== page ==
High school students interested in taking online classes offered through the West Virginia Department of Education’s Virtual School program this year will need to sign up by Tuesday or find another way to pay for their courses.
With money running out for the online school program, which pays for students to take classes through private education companies online, state officials have had to set an earlier deadline for final enrollment this year.
The advanced signup date, two months earlier than last year, is meant to identify enrollment numbers and possible budgetary shortfalls in the program, which offers advanced placement and previously-unavailable classes to students throughout the state.
But some parents are concerned the quickly approaching deadline could delay certain students from receiving credit for online classes that require them to pass one course before signing up for a second, unless county school boards can cover the cost of the additional courses this spring.
The Department of Education budgets around $1 million annually for the virtual courses, but state officials said increased enrollment in the program has limited the number of courses the department can pay for in the final months of this school year.
As a result, the state agency has had to move up the final enrollment date to ensure that enough money exists for students who sign up on time.
In the past year, the number of students taking classes online has increased dramatically, according to the Department of Education.
During the 2013-2014 school year, students signed up for 3,687 courses. By this year, that number had increased to 5,017, causing funds to run low sooner than expected.
Liza Cordeiro, the director of communications for the Department of Education, said they established the earlier deadline as a result of those “funding constraints.”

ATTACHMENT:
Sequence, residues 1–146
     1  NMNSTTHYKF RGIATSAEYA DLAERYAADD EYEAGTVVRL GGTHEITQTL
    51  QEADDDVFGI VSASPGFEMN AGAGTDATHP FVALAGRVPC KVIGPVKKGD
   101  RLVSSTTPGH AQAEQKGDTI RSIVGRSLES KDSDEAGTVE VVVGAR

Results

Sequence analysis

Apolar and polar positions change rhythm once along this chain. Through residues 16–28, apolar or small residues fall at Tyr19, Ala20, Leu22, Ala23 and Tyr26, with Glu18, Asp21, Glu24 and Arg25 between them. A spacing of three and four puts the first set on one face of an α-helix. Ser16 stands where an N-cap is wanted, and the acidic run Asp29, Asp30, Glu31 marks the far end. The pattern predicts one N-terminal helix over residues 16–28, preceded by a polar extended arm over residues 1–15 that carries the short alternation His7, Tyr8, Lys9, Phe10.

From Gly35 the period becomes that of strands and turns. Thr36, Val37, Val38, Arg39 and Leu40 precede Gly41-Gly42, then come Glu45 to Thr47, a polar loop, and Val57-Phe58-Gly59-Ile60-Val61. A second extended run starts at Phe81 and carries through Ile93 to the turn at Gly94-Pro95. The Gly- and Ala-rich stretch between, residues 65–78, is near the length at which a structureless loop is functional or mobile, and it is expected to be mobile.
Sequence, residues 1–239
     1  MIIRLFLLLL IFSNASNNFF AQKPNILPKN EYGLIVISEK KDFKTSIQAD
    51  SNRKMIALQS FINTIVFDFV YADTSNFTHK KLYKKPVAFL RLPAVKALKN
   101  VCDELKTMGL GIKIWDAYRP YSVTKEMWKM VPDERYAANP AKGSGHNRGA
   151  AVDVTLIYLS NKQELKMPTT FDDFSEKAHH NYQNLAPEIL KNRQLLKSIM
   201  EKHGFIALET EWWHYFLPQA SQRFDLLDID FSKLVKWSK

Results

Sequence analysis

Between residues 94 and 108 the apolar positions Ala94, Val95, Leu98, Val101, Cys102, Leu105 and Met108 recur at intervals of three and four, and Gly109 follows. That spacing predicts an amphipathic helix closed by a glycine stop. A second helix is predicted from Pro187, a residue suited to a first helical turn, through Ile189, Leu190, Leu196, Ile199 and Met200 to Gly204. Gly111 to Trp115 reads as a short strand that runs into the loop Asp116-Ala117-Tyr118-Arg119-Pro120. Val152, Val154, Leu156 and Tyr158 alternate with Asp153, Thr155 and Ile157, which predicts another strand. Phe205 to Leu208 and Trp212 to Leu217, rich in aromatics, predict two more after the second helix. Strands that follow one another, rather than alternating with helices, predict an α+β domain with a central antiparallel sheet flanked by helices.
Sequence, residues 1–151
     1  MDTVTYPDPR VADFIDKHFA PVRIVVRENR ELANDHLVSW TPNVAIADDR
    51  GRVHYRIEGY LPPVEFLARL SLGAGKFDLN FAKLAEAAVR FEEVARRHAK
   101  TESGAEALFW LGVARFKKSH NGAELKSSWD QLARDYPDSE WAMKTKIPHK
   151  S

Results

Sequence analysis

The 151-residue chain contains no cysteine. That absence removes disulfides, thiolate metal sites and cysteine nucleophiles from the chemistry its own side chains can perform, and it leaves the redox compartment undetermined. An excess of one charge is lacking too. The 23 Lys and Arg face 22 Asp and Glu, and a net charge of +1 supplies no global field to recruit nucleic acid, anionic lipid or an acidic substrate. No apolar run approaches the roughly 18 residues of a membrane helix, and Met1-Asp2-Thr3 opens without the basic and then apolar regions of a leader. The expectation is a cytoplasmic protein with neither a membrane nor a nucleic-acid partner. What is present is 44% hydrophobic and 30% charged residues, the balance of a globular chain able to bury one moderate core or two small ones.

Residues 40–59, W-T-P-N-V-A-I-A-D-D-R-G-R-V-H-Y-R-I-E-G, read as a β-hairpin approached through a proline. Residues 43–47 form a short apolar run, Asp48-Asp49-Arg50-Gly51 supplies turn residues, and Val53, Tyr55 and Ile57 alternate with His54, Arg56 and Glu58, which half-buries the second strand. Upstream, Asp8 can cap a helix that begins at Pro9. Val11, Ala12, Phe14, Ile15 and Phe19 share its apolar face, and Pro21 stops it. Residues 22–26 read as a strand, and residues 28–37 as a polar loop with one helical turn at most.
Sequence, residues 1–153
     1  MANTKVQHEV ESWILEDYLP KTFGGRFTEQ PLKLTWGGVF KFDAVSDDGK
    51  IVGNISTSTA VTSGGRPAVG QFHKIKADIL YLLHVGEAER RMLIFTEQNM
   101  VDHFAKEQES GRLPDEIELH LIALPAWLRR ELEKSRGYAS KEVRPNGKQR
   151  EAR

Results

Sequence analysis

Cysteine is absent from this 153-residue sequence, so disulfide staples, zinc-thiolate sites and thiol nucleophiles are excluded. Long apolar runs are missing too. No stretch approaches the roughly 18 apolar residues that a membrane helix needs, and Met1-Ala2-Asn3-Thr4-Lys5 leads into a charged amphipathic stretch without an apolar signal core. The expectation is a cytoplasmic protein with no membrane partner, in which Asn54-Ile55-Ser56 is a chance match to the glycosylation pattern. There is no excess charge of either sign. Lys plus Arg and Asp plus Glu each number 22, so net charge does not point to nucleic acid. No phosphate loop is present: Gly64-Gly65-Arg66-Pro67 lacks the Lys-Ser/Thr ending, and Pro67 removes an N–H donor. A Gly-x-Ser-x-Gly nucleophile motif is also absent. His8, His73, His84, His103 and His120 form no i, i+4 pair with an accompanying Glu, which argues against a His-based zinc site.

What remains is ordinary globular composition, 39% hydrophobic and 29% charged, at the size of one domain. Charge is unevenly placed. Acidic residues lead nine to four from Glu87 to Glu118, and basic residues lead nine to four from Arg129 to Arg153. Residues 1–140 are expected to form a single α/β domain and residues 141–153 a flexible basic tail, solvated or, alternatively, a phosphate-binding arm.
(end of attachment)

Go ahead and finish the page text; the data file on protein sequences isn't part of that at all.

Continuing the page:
Cordeiro said the Department of Education has promised that funding will be available for students who are currently enrolled in courses, but said students will be unable to sign up for additional classes this spring unless they are finished with around 90 percent of their existing online coursework by March 31.
After that date, students wishing to enroll in online courses would either need to pay out of pocket or ask their local board of education to cover the cost.
But for parents like Randy Short, the father of a Hurricane High School junior, the new deadline seems unfair.
Short, whose daughter Abigail has enrolled in seven virtual courses this school year, said the deadline could effectively bar his daughter and other students from receiving credit for two-part courses that they had planned to finish this school year.
Short said his daughter didn’t start many of her online courses until February as a result of a later start date and some delays in setting up the online account, giving her less than two months to finish the courses she is currently enrolled in.
With the March deadline looming, Short said his daughter may not be able to finish the first portion of some classes in time to sign up for the second.
Cordeiro said the Department of Education has done everything it can to find funding for the students who are eligible to enroll in new courses by the last day in March, and that even if students miss the March deadline, they can finish the second half of their two-part courses when more funding becomes available in August.
But Short said additional funding in August isn’t going to help his daughter, who would have to take an unnecessary number of courses next year just to catch up.
“She’s going to have to double up to get to where she would have been,” Short said.
Short said he hopes to speak with the Putnam County Board of Education to see if they would be willing to cover the cost of the online courses for his daughter if she doesn’t meet the March enrollment deadline.
But while the advanced deadline has frustrated some, Cordeiro said everyone knew that the program’s timeframe was based on the amount of funding that was available, and that an application deadline had to be set.
While Short understands that budgets are tight, he said the state should make it a priority to find additional money to cover the cost of courses that students had already planned to take this year.
Short said he appreciates the state’s efforts to provide online courses that would otherwise be unavailable to his daughter, but the establishment of the early enrollment deadline has him questioning whether to have his daughter sign up for more online classes next year.
“I would be very wary that it would happen again,” he said.
Reach Andrew Brown at firstname.lastname@example.org, 304-348-4814 or follow @Andy_Ed_Brown on Twitter.